Wednesday, June 30, 2010

Paul Klee tapestry

Before we went to Chicago. I had done a search to see what tapestries the Chicago Art Institute might have. As it turned out, all textiles were in storage except one, in preparation for an upcoming exhibit. But the one tapestry I was most curious to see was the one above. And I don't even believe it was a handwoven tapestry. It was mass produced by Montgomery Wards (!) to commemorate their 100th anniversary in 1972.

The title is "Der Paukenspieler" (The Drummer Boy) and it was done from a 1940 painting by Paul Klee. It was a gift to the museum from Montgomery Wards, and is one of 2500. It is described as "Cotton, jute and wool, plain weave with discontinuous supplementary pile warps [really? warps?] forming cut solid pile." It is 59 5/8 by 29 3/8 inches.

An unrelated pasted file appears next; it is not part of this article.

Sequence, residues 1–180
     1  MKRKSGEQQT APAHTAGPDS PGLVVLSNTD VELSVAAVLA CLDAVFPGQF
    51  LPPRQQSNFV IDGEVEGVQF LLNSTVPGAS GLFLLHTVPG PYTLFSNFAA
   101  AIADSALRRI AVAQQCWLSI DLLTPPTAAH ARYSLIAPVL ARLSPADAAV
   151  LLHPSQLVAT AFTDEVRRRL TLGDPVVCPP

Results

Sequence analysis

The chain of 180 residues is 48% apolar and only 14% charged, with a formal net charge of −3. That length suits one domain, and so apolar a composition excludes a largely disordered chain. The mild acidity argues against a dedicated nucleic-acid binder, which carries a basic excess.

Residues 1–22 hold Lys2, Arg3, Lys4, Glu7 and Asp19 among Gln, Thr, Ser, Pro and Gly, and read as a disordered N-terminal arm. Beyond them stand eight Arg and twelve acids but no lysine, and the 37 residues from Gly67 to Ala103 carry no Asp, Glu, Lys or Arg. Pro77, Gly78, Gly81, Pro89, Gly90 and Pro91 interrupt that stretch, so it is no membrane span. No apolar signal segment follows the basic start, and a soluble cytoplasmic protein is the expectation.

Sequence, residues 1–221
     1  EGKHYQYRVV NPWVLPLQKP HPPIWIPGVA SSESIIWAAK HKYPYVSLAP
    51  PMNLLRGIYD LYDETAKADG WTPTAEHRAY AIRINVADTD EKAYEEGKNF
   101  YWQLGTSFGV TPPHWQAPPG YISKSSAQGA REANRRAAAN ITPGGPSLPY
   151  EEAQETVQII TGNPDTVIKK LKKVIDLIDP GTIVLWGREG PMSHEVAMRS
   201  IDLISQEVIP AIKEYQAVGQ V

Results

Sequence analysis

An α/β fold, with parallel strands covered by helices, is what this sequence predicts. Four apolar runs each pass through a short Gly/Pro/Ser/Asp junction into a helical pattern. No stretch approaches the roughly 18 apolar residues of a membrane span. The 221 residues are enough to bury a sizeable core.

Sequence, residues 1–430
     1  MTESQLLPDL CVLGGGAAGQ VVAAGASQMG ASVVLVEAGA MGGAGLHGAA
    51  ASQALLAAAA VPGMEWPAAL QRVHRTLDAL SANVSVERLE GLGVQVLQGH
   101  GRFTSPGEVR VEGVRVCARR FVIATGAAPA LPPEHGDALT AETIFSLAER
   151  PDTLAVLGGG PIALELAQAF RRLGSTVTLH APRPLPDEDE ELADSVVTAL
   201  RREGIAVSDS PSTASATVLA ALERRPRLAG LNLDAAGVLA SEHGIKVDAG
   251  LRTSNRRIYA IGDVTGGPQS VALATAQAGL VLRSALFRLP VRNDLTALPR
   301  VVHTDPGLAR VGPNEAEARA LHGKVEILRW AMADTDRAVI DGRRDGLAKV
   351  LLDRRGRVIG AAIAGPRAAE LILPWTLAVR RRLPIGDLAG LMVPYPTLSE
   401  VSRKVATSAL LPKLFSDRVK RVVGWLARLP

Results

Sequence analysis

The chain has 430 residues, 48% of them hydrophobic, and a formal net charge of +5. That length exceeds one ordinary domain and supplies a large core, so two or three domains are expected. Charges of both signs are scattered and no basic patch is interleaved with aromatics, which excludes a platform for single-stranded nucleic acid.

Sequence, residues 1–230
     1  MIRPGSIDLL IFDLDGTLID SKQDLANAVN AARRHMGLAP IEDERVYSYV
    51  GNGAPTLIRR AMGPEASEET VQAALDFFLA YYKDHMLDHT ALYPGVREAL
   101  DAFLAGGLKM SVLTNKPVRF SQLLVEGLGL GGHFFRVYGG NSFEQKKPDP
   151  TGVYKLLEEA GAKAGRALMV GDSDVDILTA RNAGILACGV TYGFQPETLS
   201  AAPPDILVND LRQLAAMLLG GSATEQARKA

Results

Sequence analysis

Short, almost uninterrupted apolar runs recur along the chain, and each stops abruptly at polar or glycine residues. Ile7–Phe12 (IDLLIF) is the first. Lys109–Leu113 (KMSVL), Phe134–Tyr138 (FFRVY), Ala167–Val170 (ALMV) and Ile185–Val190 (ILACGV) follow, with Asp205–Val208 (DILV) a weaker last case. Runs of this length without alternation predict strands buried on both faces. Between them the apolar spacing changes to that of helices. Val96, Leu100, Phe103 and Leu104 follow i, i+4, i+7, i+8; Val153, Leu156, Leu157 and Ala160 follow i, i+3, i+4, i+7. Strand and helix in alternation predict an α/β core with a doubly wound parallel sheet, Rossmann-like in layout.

Doing a Google search, I found that there are still the other 2499 of these 'tapestries' out there somewhere! They have sold at auction in the past few years for a few hundred dollars. Paul Klee is one of my favorite artists, and I am yearning to find one of these for myself!! I think it is a really odd, but delightfully odd, thing for a US department store to have created for the commemoration of an anniversary - to mass produce a tapestry (!) designed by Paul Klee (!).

For some reason, that encourages me.

If you happen to see one of these somewhere, give me a holler!

1 comment:

ringadal said...

How intriguing. We have a family friend who is an art collector. He has a tapestry by Salvador Dali. I think it is in the same vein as this Paul Klee tapestry. It was a woven piece made of natural yarn, then somehow printed with the image from that drooping clock painting. It was signed by him and apparently came out of his workshop, but my friend was not sure how or why it was produced as a tapestry. Interesting, huh!
Susan